Basketball Part II: Fouled Out

by Tad Lindley

I grew up playing a variation on basketball called “33”. Thirty-three is sort of like tackle basketball. The only rules are no double dribbling, and no traveling. It was every player for him self and we used whatever necessary means to prevent the opponents from scoring. It was not uncommon to see full body checking on the one with the ball. Lay ups were rare. Charging under the basket with the ball would be like carrying a bloody moose quarter through a pack of blind pit bulls.

Fast forward five years from the playground. Somebody asked me to join the team. I’d grown up on 33, so I figured I knew the basics of basketball. Our first game was at the recreation center at UAF. It was the most frustrating basketball I ever played. I was trying to drive in for a lay up or a hand off and a guy was in my way, so I just ran right over him. The refs blew the whistle and pointed at me.

I felt like I was in a foreign country. My teammates had to interpret for me what was going on. If I understand correctly a person gets removed from the game after five fouls. That’s what happened to me. That was the last basketball I played for a long time. The referees would not let me play the way I wanted to, so I just gave up on basketball.

Basketball without rules

Perhaps I might have taken the time to learn the rules of basketball, but I never did. Basketball without rules would be chaos. Likewise life without rules tends to lead to tragic choices. A lot of people will never live for God, because they do not want to conform to His rules. Too many times people have said, “I don’t want any part of a God that won’t let me live my life the way I want to.” Imagine if the men recruited to fly the planes into the twin towers had been playing by God’s rules, namely, Love thy neighbor as thyself (Mark 12:31).

Why I will never be a great ball player

Even knowing all the rules of the game is not enough. I can understand why the jump ball arrow is pointing the way it is, and whether the guy at the free throw line shoots once or twice. I can know how to approach the basket without getting called for charging. I can know the history of the game and who all the great coaches and players were. All these things might help me, but there is one problem: I cannot make baskets. I have no finesse. My form is designed to launch a basketball through a hail of flailing arms on an asphalt court, not to smoothly arc the ball in from the three point line.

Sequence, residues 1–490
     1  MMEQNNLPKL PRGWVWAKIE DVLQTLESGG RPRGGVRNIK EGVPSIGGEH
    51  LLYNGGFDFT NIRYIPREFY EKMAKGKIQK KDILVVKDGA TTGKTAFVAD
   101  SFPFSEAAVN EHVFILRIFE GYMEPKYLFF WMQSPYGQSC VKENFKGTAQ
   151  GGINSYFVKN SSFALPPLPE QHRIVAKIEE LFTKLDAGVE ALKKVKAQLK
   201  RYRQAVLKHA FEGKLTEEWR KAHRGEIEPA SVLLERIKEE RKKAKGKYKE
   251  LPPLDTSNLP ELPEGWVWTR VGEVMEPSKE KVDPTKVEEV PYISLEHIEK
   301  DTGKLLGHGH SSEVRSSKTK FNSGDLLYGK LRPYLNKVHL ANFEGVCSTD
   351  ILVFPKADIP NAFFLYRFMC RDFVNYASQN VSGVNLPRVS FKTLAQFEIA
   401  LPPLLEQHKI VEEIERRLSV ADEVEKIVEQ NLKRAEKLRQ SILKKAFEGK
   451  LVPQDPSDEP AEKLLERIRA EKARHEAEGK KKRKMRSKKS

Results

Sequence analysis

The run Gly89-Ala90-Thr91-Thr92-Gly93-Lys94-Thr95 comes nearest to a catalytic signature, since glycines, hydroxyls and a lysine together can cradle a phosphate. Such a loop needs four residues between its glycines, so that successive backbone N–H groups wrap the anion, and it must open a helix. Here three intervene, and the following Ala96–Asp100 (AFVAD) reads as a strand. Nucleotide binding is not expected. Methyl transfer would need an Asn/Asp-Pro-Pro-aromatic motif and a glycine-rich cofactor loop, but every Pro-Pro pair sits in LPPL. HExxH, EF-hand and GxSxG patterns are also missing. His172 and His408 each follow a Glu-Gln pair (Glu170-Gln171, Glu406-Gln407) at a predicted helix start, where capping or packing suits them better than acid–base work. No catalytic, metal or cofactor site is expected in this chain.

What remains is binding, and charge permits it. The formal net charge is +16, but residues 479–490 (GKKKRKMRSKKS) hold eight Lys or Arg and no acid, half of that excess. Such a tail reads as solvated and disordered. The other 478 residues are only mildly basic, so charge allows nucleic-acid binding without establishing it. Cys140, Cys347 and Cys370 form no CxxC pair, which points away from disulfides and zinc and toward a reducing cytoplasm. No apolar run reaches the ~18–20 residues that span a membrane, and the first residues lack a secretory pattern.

How to be a great ball player

By the same token, I can know all the commandments of God and still not be a friend of God. You are my friends if you do whatsoever I command you. (John 15:14) Jesus put it like this: God is a Spirit, and they that worship him must worship him in spirit and in truth (John 4:24). The “spirit” of basketball is our carefully cultivated talent on the court. The “truth” of basketball is that no matter how good you are at making a lay up, you cannot run over defensemen to do it. To be a great player, one has to play hard, make baskets, get rebounds, run well, dribble well, think smart, and practice. But all of that will not matter if he is sitting on the bench ejected from the game because he could not follow the rules.

Worship him in truth

We worship Jesus in truth by knowing what the Bible says. That is the truth. We must read it as long as we can still see. We must hear the preaching of the word of God. Faith cometh by hearing, and hearing by the word of God. (Romans 10:17) We hear the word of God when it is preached, and our faith is developed. Without faith it is impossible to please God (Hebrews 11:6). Do I really have to go to listen to preaching? According to the Lord we do. It pleased God by the foolishness of preaching to save them that believe. (I Corinthians 1:21)

Worship him in spirit

We may look Christian. We may even go through the motions. We might even lift our hands when we pray as recommended in the Bible (I Timothy 2:8). But our heart must be right with God. We must love God with all our heart, all our soul, and all our might (Deuteronomy 6:5). And we must love people: all people. We may have the truth. We might immerse people in baptism like they did in the Bible. We might call on the name of the Lord at baptism as did Peter, Paul, Phillip, and John. We might receive the gift of the Holy Ghost like they did in the Book of Acts. We may have memorized all the gifts of the spirit, all the fruit of the spirit, all the names of the prophets and apostles, but if we do not worship God in spirit we will be lost. Without loving Jesus and all people, we have nothing (I Corinthians 13:2).

Reader, you can be great in the kingdom of God. Don’t foul out; worship him in spirit and in truth.

Tad Lindley is a minister at the United Pentecostal Church in Bethel, Alaska.

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